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Publication numberUS7955642 B2
Publication typeGrant
Application numberUS 12/274,543
Publication dateJun 7, 2011
Filing dateNov 20, 2008
Priority dateDec 22, 2006
Also published asUS20090081378
Publication number12274543, 274543, US 7955642 B2, US 7955642B2, US-B2-7955642, US7955642 B2, US7955642B2
InventorsRoger Hsu
Original AssigneeRoger Hsu
Export CitationBiBTeX, EndNote, RefMan
External Links: USPTO, USPTO Assignment, Espacenet
Layered lenses and method of layering lenses
US 7955642 B2
Abstract
A method for layering lenses includes: plasma treating a lens surface; applying a removable ink layer onto the lens surface; applying a base ink layer over the removable ink layer; applying at least one colored ink layer over the base ink layer; and removing the removable ink layer. Additional steps may include drying the lens, sealing the sides of the lens, and applying liquid to the lens before removing the removable ink layer.
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Claims(2)
1. A method for making camouflage eyeglasses comprising:
plasma treating at least one lens surface, the lens having inner and outer surfaces as well as sides;
applying a removable ink layer over at least a portion of the plasma treated lens surface, wherein said removable ink layer is comprised of urethane rubberized material;
the removable ink layer forming clear and shaded areas on the lens surface;
applying at least one base ink layer over at least a portion of the clear areas on the lens surface such that said shaded area is clear of said base ink layer; applying at least one colored ink layer over at least a portion of a base ink layer and not over any portion of said shaded area; and removing the removable ink layer;
attaching the lens to a support frame.
2. The method for making camouflage eyeglasses of claim 1, wherein: said support frame is an eyeglasses frame.
Description
CROSS-REFERENCE TO RELATED APPLICATIONS “

This application is a Continuation In Part (CIP) of U.S. utility patent application Ser. No. 11/644,519 filed on Dec. 22, 2006, now issued U.S. Pat. No. 7,811,628, the disclosures of which are incorporated herein by reference”.

FIELD OF THE INVENTION

This invention is generally related to eyeglass lenses, and more particularly to layered lenses and a method of layering lenses with pictures or patterns so as to make a polarized camouflage eyeglasses

BACKGROUND OF THE INVENTION

Eyeglasses, sunglasses and goggles on the market today may have pictures, camouflage, vacuum colored mirror coatings with pictures, or other patterns printed on the lenses. Inkjet printers and laser printers can be used to print a picture on a lens, but these and other existing methods of putting a picture on a lens have limitations. Prior methods print on a flat surface, and on materials configured to withstand high temperatures such as polycarbonate and very thin plastic (generally where the thickness is less than 1.1 mm). It is difficult or impossible to print on laminated or polarized lenses due to the excess heat required to cure the ink. Such high temperature processing may change the color of the lens, create cracks in the lens, and possibly damage the lamination or polarization coating of the lens.

It is therefore an object of the invention to provide a method of layering lenses with pictures, camouflage, or other patterns, which avoids the problems associated with current printing processes so as to make a polarized camouflage eyeglasses.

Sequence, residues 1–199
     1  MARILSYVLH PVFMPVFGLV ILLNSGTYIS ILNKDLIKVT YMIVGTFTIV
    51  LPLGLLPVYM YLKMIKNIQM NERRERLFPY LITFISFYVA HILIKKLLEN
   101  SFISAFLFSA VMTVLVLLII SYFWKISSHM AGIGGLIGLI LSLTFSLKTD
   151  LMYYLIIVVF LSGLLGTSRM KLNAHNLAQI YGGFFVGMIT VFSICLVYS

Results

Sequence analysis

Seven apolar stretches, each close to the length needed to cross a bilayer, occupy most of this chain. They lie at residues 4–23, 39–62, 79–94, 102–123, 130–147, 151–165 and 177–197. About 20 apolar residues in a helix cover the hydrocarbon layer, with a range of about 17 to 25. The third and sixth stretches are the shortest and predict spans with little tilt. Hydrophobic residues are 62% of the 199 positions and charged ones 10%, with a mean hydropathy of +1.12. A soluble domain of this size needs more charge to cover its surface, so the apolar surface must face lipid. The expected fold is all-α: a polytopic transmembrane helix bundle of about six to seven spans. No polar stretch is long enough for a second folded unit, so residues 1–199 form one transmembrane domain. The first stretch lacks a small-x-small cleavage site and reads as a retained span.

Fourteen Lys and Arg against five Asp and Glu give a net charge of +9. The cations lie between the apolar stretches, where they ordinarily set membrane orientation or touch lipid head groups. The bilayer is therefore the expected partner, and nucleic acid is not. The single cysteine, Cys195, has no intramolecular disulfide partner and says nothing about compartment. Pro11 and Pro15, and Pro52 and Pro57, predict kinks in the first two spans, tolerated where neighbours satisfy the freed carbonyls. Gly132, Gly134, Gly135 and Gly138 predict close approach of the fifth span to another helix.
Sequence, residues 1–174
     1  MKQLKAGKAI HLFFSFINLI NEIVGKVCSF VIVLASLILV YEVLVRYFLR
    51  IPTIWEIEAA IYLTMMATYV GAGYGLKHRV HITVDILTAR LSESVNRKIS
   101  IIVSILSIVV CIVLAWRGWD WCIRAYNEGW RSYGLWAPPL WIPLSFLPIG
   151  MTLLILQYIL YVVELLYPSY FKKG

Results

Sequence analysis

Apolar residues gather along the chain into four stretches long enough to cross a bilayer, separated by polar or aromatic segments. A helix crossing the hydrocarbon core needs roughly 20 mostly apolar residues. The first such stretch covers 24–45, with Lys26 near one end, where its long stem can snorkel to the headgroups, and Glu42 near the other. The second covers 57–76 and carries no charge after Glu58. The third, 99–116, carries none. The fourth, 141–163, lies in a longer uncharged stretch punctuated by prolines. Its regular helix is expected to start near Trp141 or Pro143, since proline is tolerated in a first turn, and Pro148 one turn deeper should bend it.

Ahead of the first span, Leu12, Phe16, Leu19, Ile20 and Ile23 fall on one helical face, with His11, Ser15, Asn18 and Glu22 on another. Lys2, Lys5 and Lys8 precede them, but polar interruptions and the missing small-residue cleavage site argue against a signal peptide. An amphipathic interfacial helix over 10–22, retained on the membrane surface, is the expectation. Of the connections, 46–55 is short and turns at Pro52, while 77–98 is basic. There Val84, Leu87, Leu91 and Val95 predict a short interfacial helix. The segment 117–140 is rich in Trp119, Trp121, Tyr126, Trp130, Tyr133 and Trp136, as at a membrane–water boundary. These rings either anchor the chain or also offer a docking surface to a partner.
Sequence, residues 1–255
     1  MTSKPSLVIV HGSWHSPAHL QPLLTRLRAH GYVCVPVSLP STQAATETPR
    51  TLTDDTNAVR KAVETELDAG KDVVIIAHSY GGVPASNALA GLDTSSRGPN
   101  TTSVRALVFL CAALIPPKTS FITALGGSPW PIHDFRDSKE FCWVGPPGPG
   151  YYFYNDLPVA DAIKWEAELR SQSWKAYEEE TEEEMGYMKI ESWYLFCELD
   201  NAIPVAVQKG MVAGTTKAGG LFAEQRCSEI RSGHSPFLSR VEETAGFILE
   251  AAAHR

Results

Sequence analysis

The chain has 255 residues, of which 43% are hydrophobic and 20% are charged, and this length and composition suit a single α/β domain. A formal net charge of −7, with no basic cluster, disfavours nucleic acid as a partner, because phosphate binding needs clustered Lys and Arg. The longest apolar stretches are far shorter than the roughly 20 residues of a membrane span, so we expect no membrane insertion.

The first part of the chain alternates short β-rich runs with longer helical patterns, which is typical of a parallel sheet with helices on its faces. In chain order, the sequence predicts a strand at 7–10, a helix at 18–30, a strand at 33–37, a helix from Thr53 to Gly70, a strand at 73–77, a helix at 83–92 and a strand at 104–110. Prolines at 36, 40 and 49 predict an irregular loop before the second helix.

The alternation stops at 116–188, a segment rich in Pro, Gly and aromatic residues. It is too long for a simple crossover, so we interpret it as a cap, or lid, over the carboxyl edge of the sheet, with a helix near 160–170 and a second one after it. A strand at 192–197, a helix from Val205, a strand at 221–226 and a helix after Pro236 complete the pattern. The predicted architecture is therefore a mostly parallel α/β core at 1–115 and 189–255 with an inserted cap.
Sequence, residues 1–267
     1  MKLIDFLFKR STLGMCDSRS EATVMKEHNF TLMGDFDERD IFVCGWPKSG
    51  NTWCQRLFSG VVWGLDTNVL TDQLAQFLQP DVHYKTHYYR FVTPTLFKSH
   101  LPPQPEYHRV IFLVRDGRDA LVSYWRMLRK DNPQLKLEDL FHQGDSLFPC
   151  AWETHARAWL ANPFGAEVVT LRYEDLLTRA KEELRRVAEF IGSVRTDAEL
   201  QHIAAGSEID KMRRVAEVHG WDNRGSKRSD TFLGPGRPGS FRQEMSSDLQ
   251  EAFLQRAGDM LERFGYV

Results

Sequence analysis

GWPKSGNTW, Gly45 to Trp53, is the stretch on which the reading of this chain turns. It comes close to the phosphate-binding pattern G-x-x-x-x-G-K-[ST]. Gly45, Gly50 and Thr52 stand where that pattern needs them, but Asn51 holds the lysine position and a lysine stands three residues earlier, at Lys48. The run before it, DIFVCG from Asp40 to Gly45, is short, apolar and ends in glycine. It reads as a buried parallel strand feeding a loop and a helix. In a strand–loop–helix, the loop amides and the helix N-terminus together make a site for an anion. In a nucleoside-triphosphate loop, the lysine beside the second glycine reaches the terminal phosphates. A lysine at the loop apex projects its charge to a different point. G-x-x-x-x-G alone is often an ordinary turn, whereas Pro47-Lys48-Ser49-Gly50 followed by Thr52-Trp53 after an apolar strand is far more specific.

SUMMARY OF THE INVENTION

A method for making polarized camouflage eyeglasses may include: plasma treating a lens; applying a removable ink layer to create a mesh-like pattern of clear and shaded areas; applying at least one base ink layer over the clear areas; applying at least one colored ink layer over a base ink layer; and removing the removable ink layer to reveal a lens with a see-through lens with an image projected thereon.

The plasma treating may be performed on the outer surface of the lens and may include cleaning and functionalizing in a vacuum chamber or in an open environment. The lens may be a plastic lens selected from the group consisting of: polycarbonate, tri-acetyl cellulose (TAC), and cellulose acetate butyrate (CAB). The lens may also be a sunglass lens, may be polarized, may be hard coated, and may be shaped in curved and flat forms. A matte finish may be applied to the lens to prevent reflection. An anti-reflective vacuum coating may also be applied to a lens to prevent reflection. In one instance, the lens may be a curved, polycarbonate, polarized lens having a functionalized outer surface, and a series of ink layers applied to the outer surface. The lens may also be use in connection with goggles.

A removable ink layer may be urethane-based and may be applied onto the lens by silk-screening or pad printing to form a mask having a mesh pattern with clear and shaded areas. The base ink layer may be water-based, oil-based, and black or white or other suitable color and may be silk screened or pad printed over the removable ink layer to cover at least a portion of the clear areas within the removable ink layer. The base ink layers may include one or more layers. For example, a first dark-colored base ink layer may be covered by second light-colored base ink layer cover. Four colored ink layers may be applied over the base ink layer to form an image; the four colored ink layers may include a cyan layer, a magenta layer, a yellow layer, and a black layer. The image created on the lens may be a camouflage pattern. At least one of the colored ink layers may be silk-screened or pad printed over the base ink layer. After the colored ink layers are applied, the ink may be dried by a blow dryer or left to air dry. The sides of the lens may also be sealed with tape for further processing. Water may then be applied to the lens to remove or assist in removing the removable ink layer. In removing the removable ink layer, a scrubbing process may be used in connection with the application of water. The water may be used to soften the removable ink layer. The removable ink layer may also be peeled from the lens surface.